Copyright © 1997-2012,2013 by Thomas E. Dickey
autoconf is a package for creating Bourne shell scripts to configure source code packages using templates and an `m4' macro package.
Autoconf was written chiefly by David Mackenzie, with input from many people, starting in 1991. When this page was started in 1997, the most recent releases (2.12 and 2.10) were used in hundreds of programs. Like the Perl-based dist, autoconf is essentially a library of useful tests that a developer can put together to ask questions about a system to determine which features it has. Both are customizable, but dist is not as widely used. Autoconf is simpler, easier to learn.
I have been using autoconf since June 1994, when Kevin Buettner started writing a configure script for vile. I started a script for my directory editor ded. at that time, as well. Both of these scripts differ philosophically from autoconf's design. The designer of autoconf decided that there should be two ways to generate C-style definitions:
Autoconf is not design-neutral; sometimes this makes it awkward. Kevin chose a third alternative for vile, which we have kept because the first two options are unpalatable (the first because of tool limitations, and the second because it imposes unnecessary work on the maintainers, and maintaining the template is error-prone):
Since then, I've written simple configure scripts for several programs, as well as more complex scripts for a few (ncurses, tin, lynx, xterm).
Though I have been writing macros for autoconf since 1994
(prompted by Kevin Buettner's work on vile), it was not until
August 1997 that I started maintaining the macros as a separate
source archive. Until that point, I would simply cut/paste macros
from a "good" copy into the program that I was working on. In
1997, I wrote a pair of utilities (
acmerge) which I use to maintain the macros in their
present form, resynchronizing them as needed as I work on each
At one point (early in 1998) I was discussing with Richard Stallman the possibility of becoming autoconf maintainer, There is an assignment on file which "Assigns past and future changes", but because the paperwork is incomplete (which the file does not note), that assignment has no effect. In particular, none of my autoconf-related patches are copyrighted by the Free Software Foundation.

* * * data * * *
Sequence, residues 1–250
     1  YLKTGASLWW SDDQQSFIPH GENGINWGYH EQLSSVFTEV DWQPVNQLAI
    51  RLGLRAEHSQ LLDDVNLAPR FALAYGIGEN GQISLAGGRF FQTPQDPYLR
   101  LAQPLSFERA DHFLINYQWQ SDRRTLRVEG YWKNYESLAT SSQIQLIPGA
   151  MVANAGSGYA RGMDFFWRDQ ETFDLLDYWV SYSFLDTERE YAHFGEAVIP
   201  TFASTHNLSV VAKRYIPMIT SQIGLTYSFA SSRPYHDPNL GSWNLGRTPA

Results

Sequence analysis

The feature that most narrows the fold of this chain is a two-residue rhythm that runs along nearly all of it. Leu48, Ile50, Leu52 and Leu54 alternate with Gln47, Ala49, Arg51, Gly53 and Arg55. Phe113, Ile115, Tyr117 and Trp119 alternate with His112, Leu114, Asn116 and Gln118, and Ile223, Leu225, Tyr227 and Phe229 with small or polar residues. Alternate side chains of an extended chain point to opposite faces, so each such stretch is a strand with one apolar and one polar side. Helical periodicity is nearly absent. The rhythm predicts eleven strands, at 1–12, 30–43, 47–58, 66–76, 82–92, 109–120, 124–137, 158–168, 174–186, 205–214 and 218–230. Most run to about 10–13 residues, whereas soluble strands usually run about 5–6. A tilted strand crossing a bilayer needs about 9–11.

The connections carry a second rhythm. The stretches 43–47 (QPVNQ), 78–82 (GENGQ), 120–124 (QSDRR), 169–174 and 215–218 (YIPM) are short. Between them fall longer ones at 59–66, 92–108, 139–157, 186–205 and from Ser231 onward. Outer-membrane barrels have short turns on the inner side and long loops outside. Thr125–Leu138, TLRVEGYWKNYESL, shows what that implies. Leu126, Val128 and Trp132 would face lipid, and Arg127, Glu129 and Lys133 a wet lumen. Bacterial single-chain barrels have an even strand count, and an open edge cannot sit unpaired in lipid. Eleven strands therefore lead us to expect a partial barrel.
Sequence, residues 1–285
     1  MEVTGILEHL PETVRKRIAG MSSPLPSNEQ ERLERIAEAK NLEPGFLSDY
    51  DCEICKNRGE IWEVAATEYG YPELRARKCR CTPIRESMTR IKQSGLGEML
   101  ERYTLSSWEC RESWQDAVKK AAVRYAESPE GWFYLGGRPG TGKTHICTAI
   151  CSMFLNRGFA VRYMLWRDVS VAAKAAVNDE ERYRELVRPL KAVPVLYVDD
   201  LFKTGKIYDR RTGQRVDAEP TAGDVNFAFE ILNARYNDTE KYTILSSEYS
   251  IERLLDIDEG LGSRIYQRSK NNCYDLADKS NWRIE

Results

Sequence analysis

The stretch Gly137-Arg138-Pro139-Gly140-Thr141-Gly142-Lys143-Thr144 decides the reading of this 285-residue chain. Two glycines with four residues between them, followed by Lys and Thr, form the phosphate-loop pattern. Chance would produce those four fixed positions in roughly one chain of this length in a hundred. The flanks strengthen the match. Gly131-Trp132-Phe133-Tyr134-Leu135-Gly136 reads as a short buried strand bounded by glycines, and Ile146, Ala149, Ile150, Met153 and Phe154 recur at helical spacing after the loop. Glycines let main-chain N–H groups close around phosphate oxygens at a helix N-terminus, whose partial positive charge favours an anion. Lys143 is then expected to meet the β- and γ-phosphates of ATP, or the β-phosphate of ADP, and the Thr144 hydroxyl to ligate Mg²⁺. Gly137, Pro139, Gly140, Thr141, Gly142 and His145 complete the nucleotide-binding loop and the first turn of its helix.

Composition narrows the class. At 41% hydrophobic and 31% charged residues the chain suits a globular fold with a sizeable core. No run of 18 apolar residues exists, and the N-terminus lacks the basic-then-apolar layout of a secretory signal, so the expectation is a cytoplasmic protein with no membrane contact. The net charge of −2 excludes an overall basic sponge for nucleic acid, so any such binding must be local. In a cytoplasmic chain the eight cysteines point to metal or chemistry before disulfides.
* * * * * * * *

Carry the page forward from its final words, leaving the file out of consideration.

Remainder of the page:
Here is a list of changes for the macros.
I find these patches useful:
The new parameter ("sort" or "cat") tells autoconf how to process the generated definitions. I prefer to sort the definitions since it eases comparison of headers for different platforms. Using "cat", will generate the definitions in the order that the configure script defines them.
This introduces a minor incompatibility: generating the here-document directly causes escaped quotes in the help-text to be displayed with the spurious backslashes. Once you have converted to this macro, you will probably want to cleanup the help message text.
There is a more recent fully-patched tarball in the ftp area, which includes packaging scripts and minor updates. Since autoconf 2.13 does not support cross-compiling, most of my development uses the 2.52 versions.
Applying a patch to autoconf is problematic, due to the minefield laid by its maintainers in the form of spurious build-dependencies upon automake and libtool. So I work with a cleaned-up source tree.
Here is a list of changes for the source tree that I work with.
A few developers still use the patched 2.13 version. Here is a list of changes for the 2.13 tree.
Occasionally someone asks why I use autoconf 2.13 (actually the question should be why I maintain configure scripts which are compatible with 2.13). The autoconf group, rather than focusing on making a reliable product, is using ongoing development as a basis for experimentation. With some care, it is possible to construct configure.in files which are compatible between 2.13 and 2.5x. However, the standard response to reports of incompatibilities between the two is to blame 2.13 for "bugs" (ostensibly for quoting issues, but in fact on any issue without further analysis). Here is a recap of more recent autoconf versions and release dates:
Generally the changelog of autoconf does not reflect the issues (serious defects and incompatibilities) reported on their mailing list.
As an example, consider "autoreconf". The reason for this tool
is to repair the interfaces between autoconf and automake (which
break on a regular basis) by regenerating the output from
autoconf. Fortunately, I do not use automake (a monolithic perl
script much larger than the
make program). So I have
no use for